winemag logoWine Enthusiast magazine has named Orlando one of the world's top food and wine destinations it recommends its readers visit this year. The article in the current issue gives shout outs to local favorites Ravenous Pig, Eola Wine Co., Highball & Harvest, Hawkers Asian Street Fare and others. Orlando is listed alongside the Piedmont region of Italy and New York's Finger Lakes District. 

Here's a link to Wine Enthusiast's 10 Best Wine Destinations 2015.


Waiting tables is hard work. It requires skills that people who have never worked in a restaurant wouldn't understand. That's why not everyone is suited for a life as a waiter (though clearly some without these special abilities are nevertheless employed by restaurants all over). It's also why the system of tipping waiters for the quality of their service works. Give good service, get a better tip.

The problem is, the guest doesn't always go along with that reasoning. Tipping in America is not mandatory and the percentage the guest applies to the final check is discretionary and, at least officially, nonarguable. Because of that, servers go to work every day not knowing if they will be fairly compensated for their hard work.

A restaurateur in Pittsburgh is putting an end to that uncertainty. As reported in this article from Next Pittsburgh, Bar Marco will begin paying its servers a base pay of $35,000 a year, plus offer health benefits and private shares in the business. Co-owner Bobby Fry says he will do this without adding a service charge to guest checks or raising prices substantially.

But, I can hear you saying, if the servers don't have to be friendly and efficient to try to earn a better tip they won't put in the extra effort to provide a good dining experience. Possibly -- anyone who has been to Europe and been waited on by officious, unsmiling waiters might expect to see the same thing here with a policy like this. But considering that Bar Marco is being inundated with job applications following this announcement, I have to believe that the these positions will be treated the same as those in other professions, and the managers will have the final say: Do a good job or we'll find someone who will.

What do you think? As a guest, would you like to frequent a restaurant with a no tipping policy? And what about you servers -- would you rather have a guaranteed wage with benefits? Leave your comments below.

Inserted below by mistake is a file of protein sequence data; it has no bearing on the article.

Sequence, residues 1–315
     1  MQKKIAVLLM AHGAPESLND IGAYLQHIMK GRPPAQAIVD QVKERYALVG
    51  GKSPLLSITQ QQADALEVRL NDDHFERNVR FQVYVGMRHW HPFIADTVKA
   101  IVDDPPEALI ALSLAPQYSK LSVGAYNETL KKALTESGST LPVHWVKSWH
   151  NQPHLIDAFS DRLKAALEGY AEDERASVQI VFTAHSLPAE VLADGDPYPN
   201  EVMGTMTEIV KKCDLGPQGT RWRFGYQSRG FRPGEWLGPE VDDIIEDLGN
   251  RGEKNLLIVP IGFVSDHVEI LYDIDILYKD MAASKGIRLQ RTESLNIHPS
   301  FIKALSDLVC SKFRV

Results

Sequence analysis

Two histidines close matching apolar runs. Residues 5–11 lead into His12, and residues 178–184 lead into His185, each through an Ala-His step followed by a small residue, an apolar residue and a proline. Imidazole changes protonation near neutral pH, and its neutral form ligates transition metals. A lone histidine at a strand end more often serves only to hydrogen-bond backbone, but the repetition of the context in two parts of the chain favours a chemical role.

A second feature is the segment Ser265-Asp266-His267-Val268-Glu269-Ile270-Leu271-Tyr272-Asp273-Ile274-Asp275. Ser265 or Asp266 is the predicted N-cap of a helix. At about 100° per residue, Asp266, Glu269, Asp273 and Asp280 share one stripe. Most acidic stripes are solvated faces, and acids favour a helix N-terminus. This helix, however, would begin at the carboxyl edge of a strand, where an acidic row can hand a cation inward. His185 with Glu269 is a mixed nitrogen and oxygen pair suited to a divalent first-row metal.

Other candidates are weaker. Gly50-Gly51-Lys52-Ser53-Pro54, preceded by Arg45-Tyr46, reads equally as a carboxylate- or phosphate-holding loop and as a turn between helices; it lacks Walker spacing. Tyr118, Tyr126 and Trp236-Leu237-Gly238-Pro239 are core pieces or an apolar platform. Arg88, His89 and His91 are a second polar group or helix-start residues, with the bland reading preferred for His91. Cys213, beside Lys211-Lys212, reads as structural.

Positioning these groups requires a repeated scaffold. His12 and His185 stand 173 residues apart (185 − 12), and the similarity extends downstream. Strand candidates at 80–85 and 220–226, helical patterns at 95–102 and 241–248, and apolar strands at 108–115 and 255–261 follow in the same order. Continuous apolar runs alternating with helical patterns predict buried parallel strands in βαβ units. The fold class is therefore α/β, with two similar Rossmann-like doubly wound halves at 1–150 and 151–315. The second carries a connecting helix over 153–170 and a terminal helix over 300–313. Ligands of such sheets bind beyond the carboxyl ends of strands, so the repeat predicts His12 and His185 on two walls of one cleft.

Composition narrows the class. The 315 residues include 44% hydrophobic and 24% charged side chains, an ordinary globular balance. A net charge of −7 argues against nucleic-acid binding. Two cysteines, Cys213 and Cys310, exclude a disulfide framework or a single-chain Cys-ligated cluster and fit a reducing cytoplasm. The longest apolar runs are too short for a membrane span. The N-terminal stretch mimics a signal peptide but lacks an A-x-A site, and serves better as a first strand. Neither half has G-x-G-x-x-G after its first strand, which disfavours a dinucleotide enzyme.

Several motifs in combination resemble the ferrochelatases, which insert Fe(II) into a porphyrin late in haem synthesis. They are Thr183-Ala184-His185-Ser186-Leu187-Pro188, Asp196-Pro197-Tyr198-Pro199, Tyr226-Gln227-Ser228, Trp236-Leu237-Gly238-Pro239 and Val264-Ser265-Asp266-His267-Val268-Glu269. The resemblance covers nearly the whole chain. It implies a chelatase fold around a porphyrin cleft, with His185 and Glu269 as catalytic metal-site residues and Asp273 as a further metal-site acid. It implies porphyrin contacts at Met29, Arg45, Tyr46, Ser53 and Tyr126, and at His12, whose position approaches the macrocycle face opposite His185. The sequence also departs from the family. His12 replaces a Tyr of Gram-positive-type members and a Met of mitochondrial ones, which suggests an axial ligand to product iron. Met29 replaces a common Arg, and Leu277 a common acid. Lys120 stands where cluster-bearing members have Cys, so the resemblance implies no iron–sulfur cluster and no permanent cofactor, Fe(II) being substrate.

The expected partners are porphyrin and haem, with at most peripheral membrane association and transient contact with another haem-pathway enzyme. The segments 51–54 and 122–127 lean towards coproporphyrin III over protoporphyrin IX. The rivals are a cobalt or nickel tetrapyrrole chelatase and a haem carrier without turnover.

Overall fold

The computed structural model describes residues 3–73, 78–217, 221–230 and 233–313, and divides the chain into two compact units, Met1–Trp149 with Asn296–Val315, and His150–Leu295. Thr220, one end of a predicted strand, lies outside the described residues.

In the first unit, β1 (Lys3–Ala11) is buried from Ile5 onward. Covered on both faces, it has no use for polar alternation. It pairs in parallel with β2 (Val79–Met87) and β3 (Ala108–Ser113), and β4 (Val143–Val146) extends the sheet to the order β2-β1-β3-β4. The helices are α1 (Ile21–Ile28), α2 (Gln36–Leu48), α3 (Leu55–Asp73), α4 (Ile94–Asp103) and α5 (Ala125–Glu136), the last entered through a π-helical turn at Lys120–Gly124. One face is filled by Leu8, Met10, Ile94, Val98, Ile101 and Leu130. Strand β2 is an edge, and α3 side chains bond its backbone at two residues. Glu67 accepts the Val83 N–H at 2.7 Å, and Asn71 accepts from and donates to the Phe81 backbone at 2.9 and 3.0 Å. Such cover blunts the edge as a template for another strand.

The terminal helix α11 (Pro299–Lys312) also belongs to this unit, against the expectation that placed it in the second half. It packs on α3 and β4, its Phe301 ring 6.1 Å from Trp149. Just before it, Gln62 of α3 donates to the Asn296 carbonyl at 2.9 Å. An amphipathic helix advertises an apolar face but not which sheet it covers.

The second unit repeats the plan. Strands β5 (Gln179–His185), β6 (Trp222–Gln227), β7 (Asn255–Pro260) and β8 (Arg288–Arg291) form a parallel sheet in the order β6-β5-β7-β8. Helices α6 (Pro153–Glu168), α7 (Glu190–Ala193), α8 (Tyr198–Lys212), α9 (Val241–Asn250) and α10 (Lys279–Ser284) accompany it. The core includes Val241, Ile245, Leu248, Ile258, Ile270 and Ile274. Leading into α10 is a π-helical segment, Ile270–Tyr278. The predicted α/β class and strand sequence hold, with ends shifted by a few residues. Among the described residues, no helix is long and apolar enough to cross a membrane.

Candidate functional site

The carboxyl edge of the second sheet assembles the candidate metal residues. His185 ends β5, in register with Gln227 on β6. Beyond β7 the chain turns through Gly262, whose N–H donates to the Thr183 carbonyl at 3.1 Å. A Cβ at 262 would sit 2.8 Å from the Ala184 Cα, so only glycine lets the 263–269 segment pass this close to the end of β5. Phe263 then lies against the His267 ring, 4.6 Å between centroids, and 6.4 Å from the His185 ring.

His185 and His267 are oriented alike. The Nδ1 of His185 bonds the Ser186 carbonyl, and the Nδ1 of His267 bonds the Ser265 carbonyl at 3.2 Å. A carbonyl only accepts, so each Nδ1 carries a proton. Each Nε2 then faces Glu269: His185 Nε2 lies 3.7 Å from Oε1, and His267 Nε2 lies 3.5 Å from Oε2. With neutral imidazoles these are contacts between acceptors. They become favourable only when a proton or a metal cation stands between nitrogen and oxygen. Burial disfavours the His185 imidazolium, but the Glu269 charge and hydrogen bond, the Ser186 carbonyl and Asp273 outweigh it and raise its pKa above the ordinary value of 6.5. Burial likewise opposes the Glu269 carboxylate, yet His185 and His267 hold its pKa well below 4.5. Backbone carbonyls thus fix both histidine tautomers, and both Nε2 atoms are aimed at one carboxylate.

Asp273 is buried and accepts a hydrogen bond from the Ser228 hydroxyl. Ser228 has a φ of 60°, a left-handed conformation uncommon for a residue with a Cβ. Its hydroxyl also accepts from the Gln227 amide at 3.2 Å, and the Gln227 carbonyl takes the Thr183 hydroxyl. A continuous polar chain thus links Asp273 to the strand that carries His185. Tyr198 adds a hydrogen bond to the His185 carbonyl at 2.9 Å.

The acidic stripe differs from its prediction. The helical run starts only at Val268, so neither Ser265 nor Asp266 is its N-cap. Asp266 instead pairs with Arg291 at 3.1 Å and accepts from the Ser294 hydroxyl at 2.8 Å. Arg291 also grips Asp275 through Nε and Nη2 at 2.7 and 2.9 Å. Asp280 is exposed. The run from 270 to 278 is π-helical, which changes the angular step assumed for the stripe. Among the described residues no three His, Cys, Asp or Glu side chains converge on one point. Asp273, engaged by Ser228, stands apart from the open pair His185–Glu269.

rollups 1I'm not a fan of the rollup.

I don't mean rolled up foods. I quite like a good sushi roll, wrap sandwich or even an oversized burrito, occasionally.

The rollups I'm referring to are the utensils that would be used to eat the food items folded into and rolled up inside the napkin. This package is then placed on the table or atop the plate awaiting the guest's arrival. It's the epitome of laziness on the restaurant's part, and it's tantamount to saying to the guest, "Here, set the table yourself."


Boca exteriorPhoto Be-1 Concepts

Moving the bar was a brilliant idea. Not just moving it, but making it a focal point of the room. It certainly worked for Prato just down the block.

It was Prato that came to my mind the first time I saw the renovated space that is now Boca and that has been a half dozen or so other restaurants over the years, Matilda's the most recent. (I won't run the whole list of names, but I mentioned them in this article.) The bar-central scheme may be one of the reasons that Prato is always packed. It just passed its three-year mark and I don't think I've ever been in there when I haven't had to jockey for a position at the bar just to get a drink — never mind getting a seat. Boca was enjoying the same sort of busy-ness when I visited for dinner recently. My dinner companion remarked that he couldn't remember when he'd seen so many people in that space. It's really wonderful to see, and I hope that it continues and Boca packs them in for a good, long time.

To that end, it would do well to emulate Prato in another area: its food.